Tuesday, July 31, 2007

Contractors Pray for the GWOT

The Pentagon's growing reliance on contractors for such jobs as providing security[1] to bodyguarding,[2] operating US military aircraft, interrogating prisoners, cooking meals, fixing equipment, constructing bases, organizing meetings[3] and providing supplies naturally has led to a contracting boom. A declared infinite "global war on terror" and the recent experience show that the US government will rely more and more on contractors.

Contractors can be broken down into several categories. For the purpose of this article I consider four main categories: contractors as consultants (focusing on capacity building), contractors as logistics, technological and technical support providers, contractors as combat supporters, and contractors as in-theater tactical warfighter. Most important single common goal of all four categories is that they are profit-driven.

Over the past two decades, contractors have moved from providing selected services in wartime to any activity to support military operations, during wartime as well as any military activities.

Public War, Private Fight?

A study conducted by Deborah C. Kidwell of Combat Studies Institute of the US Army,[4] describes in an excellent way the new American way of war in which contractors play an ever increasing role.

She says that “throughout the 20th century, US forces relied on private companies to provide varying levels of transportation, construction, and base support services.” She stresses that “before the Vietnam conflict, private military companies were used more or less as a matter of necessity,” by filling the shortfalls in a limited, all-volunteer force structure. However, “the end of the Cold War and the removal of Iraqi forces from Kuwait in Operation Desert Storm in 1991 marked a sea change in American warfare.[5] The private military industry expanded rapidly to fulfill global security needs, even as many Americans predicted reductions in future military operations. As a result, many paramilitary activities became commodities.” Hence they have become a routine feature of the force mix.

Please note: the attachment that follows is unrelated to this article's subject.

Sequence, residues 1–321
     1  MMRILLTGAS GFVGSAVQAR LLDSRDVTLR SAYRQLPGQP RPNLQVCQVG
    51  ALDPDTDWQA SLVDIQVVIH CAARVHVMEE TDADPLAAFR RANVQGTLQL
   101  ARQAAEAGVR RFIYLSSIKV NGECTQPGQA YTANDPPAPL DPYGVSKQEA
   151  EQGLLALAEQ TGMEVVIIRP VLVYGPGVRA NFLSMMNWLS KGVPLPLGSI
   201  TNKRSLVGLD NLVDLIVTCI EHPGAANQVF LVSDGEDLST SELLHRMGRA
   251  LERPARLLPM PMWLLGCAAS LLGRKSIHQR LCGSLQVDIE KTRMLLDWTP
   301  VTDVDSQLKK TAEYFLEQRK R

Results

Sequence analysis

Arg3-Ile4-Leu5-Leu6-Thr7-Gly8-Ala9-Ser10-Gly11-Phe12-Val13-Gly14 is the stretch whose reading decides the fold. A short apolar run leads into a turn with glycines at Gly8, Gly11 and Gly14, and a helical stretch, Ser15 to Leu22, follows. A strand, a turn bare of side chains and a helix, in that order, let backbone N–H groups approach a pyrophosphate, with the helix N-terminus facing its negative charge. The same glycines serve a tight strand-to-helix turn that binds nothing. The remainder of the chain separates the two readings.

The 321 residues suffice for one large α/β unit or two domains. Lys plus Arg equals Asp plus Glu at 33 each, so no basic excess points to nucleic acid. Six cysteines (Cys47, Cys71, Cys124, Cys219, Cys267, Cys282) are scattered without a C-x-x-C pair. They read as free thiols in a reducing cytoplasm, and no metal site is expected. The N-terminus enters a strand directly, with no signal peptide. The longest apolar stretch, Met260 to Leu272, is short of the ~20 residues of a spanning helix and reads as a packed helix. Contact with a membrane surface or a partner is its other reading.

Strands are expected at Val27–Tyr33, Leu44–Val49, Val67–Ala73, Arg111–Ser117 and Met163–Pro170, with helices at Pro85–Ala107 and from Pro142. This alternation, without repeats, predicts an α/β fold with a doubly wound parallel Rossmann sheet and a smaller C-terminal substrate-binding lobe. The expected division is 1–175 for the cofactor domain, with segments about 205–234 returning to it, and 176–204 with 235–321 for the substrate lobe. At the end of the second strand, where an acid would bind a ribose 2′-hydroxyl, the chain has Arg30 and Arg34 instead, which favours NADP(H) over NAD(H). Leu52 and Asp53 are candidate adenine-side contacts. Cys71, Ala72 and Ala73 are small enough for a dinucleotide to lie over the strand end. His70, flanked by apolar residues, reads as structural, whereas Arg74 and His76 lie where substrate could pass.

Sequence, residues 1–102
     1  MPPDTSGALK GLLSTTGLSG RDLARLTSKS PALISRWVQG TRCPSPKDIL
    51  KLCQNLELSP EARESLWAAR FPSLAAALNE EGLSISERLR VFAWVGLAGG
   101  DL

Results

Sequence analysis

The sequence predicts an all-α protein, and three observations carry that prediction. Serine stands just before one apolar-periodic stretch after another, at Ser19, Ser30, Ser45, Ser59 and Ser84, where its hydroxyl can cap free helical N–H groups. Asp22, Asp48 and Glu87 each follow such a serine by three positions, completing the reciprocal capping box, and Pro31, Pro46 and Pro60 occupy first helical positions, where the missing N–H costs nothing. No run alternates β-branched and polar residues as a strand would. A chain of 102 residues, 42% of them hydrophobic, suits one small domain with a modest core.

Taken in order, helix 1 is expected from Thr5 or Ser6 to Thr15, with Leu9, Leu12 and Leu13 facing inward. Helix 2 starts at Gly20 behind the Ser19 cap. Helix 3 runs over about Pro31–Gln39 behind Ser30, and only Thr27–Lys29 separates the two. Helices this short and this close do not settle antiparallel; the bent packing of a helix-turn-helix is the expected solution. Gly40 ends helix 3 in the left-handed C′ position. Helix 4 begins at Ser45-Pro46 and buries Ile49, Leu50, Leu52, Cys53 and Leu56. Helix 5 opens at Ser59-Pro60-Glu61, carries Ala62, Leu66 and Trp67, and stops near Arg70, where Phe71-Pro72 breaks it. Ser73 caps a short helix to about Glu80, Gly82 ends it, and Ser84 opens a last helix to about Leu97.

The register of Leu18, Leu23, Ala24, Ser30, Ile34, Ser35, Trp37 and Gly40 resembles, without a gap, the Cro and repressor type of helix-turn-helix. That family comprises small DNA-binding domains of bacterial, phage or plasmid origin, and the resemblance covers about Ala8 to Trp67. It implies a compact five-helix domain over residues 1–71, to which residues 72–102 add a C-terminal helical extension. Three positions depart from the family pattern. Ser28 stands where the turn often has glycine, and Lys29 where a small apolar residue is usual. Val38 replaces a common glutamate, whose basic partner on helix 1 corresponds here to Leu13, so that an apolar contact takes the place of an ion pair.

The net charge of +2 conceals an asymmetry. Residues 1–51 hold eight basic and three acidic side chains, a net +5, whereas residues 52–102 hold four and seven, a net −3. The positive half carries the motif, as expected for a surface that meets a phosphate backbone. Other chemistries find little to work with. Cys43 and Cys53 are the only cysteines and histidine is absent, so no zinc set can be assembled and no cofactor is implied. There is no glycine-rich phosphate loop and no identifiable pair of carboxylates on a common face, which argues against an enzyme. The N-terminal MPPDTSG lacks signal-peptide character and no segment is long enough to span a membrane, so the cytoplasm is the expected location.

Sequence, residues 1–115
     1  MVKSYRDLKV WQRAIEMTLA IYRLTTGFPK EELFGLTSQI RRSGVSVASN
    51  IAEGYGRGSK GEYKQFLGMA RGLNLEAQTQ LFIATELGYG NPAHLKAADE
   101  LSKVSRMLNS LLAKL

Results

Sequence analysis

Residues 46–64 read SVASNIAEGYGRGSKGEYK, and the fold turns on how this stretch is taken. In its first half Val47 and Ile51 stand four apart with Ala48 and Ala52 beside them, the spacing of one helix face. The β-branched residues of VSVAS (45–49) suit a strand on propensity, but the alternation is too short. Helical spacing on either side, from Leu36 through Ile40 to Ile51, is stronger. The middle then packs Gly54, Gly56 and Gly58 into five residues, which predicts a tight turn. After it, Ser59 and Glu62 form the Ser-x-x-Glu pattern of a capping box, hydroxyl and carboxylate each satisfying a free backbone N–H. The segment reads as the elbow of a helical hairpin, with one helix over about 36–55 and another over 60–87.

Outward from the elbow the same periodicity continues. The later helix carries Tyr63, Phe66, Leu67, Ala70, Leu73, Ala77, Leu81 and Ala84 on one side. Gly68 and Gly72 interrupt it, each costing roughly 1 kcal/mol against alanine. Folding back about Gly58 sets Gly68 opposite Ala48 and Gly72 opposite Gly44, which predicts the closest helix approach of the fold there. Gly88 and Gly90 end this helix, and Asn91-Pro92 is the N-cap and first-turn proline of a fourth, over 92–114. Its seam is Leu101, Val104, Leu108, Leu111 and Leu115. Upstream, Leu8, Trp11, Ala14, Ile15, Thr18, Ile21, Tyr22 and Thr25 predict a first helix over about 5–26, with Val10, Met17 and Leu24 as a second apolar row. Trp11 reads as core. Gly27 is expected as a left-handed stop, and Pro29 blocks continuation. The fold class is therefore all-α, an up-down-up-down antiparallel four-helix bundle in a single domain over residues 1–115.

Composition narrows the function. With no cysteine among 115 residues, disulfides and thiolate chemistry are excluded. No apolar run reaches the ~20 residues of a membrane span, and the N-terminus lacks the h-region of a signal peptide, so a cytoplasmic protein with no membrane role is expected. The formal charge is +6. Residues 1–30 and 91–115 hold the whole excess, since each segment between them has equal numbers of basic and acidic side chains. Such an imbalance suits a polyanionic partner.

One of her conclusions is eye opening: private military companies “are so vital to current military operations that industry analysts suggest the US can no longer go to war without private contractor support.”

Here are the last words of her study: “It has been observed that war is too important to be left to the generals; industry analyst Peter Singer adds that “war is far too important to be left to private industry.” Americans cannot abdicate their responsibility to govern—and wage war—wisely.”

Outsourcing Gone Wild?

Depends whom you ask! Each passing year in conflict in GWOT is good news for contractors. As we talk about U.S. corporate invasion of Iraq, DOD’s obligations on service contracts nearly doubled in the past 10 years, reaching over $150 billion in 2006.

This is clearly reflected in the defense industry’s increasing shares in the stock market. “Shares of U.S. defense companies, which have nearly trebled since the beginning of the occupation of Iraq, show no signs of slowing down,” says Boston Globe. Indeed, Amex Defense Index nearly quadrupled since the beginning of Iraq war. No wonder the booming business of war profiteers is also given one of the reasons why the US is not leaving Iraq.[6]

The total dollar volume of TOP 10 Department of Defense prime contract awards in have more than doubled in just 5 years, reaching over $100 billion in fiscal year 2006.